Observing and Learning from Nature

“Believe me, you will find more lessons in the woods than in books. Trees and stones will teach you what you cannot learn from masters.” ~St Bernard of Clairvaux.

I’ve spent the last week or so just observing nature, really taking it all in on my walks. There’s always so much going on “behind the scenes.” In our busy (mostly indoors) lives, nature often goes unnoticed, but it’s there.

I agree with St. Bernard, there’s so much experiential knowledge we can learn from nature. That’s not to dis books or teachers in any way. I’ve enjoyed learning from teachers and books and always will. I’m a serious student of life, and as such I seek out books and teachers to help explain, well, everything. But, something special occurs when I allow myself to be completely immersed in nature, especially for an extended period of time. My powers of observation strengthen and I am able to see what is truly going on behind the scenes in a meaningful, profound way. I learn the way of life and nature.

An obvious observance is the cyclicality of nature: days, weeks, months, years, seasons, stages of growth, stages of decline, and, of course, the cycle of life and death. 


And then, the patterns within nature: ripples on a pond; colors in a rainbow; spirals in flowers, seashells, and vegetables; spots and stripes on butterflies, zebras, tigers, turtles, fish, frogs, beetles, spiders, chameleons, etc; surface patterns and texture on tree bark; sunlight and shadows; and snowflakes.

Relationships in nature: between animals, plants, fungi, water, insects, birds, soil microorganisms, and bacteria, on and on. Everything seen and unseen–the whole ecosystem–has ongoing relationships. It’s how nature thrives and survives. And it isn’t always pretty and sweet as I was reminded last week as a large crow plucked three baby wrens out of their nests as their momma and daddy squawked and fought to no avail. I even tried to fight off the crow, also to no avail. It saddened me and I learned more lessons about relationships within the natural world.

Similar to relationships, are the connections within nature. I think of connection as the deepening of relationship, a bond, a knowing that we are in this together, a support system when one needs it most. Notice the trees in the photograph below.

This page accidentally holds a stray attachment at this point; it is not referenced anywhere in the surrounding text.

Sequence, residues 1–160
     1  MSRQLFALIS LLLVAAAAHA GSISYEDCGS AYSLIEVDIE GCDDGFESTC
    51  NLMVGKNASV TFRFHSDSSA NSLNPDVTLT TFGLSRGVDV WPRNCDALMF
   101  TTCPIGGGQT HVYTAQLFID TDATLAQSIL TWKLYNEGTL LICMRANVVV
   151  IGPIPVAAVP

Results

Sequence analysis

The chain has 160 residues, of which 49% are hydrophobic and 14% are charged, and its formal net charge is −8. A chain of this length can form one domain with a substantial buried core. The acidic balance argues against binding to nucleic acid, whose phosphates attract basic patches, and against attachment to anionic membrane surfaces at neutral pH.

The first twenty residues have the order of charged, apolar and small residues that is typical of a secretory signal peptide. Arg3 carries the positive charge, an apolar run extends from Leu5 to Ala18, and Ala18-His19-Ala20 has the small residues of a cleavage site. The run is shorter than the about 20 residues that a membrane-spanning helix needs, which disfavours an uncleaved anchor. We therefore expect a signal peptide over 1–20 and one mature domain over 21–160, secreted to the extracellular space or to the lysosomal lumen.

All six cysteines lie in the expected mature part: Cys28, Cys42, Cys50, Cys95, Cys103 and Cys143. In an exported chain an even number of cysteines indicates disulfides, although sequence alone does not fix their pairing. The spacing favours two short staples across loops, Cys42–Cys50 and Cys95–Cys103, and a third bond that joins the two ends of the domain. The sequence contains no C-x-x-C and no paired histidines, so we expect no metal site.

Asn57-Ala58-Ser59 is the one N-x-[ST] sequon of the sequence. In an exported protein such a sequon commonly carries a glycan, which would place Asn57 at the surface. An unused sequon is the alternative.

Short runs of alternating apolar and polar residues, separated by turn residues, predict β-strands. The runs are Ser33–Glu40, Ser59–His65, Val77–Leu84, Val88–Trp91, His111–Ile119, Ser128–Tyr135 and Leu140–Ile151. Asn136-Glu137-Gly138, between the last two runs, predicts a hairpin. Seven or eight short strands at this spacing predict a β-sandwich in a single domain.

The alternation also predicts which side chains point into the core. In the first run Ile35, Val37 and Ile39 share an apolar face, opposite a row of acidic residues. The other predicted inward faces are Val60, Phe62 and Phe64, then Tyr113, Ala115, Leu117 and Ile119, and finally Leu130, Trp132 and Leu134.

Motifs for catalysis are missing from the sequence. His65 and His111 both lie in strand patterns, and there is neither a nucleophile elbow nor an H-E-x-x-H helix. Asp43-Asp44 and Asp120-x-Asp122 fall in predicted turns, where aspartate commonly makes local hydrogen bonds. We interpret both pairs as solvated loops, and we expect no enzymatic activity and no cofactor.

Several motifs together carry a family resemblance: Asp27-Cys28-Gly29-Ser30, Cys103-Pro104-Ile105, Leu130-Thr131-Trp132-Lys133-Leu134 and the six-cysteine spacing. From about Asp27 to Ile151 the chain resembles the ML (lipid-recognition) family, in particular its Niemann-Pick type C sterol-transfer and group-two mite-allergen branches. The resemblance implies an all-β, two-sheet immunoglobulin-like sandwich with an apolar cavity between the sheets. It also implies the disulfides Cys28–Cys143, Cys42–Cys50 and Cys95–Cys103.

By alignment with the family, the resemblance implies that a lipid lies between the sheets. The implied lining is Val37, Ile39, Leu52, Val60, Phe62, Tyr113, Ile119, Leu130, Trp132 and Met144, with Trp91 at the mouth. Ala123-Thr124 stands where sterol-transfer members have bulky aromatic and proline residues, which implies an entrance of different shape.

Look at the way the tree on the left helped to keep aright and straighten out the tree on the right. It took years of mutual support, patience, and tenacity for the curvy tree to reach the sunlight and survive. The result of that connection and support is two trees growing strong together that further support the forest, providing shade, shelter, food, and habitat for the wildlife here. Not too mention what we all would die without: Oxygen.


As humans, we are part of nature. We live in cycles, patterns, and relationships. We’re all connected. Our survival depends on each other. Nature really seems to get this. When will we?IMG_0728IMG_0731

Three more pics of this adorable little guy. Talk about patterns and totally blending in!! He was the first to greet me on a recent meditation retreat at Yogaville–Satchidananda Ashram in Buckingham VA.

All photos mine: 2016. Here, there, and yonder.

2 thoughts on “Observing and Learning from Nature

Leave a Reply

Please log in using one of these methods to post your comment:

WordPress.com Logo

You are commenting using your WordPress.com account. Log Out /  Change )

Facebook photo

You are commenting using your Facebook account. Log Out /  Change )

Connecting to %s

This site uses Akismet to reduce spam. Learn how your comment data is processed.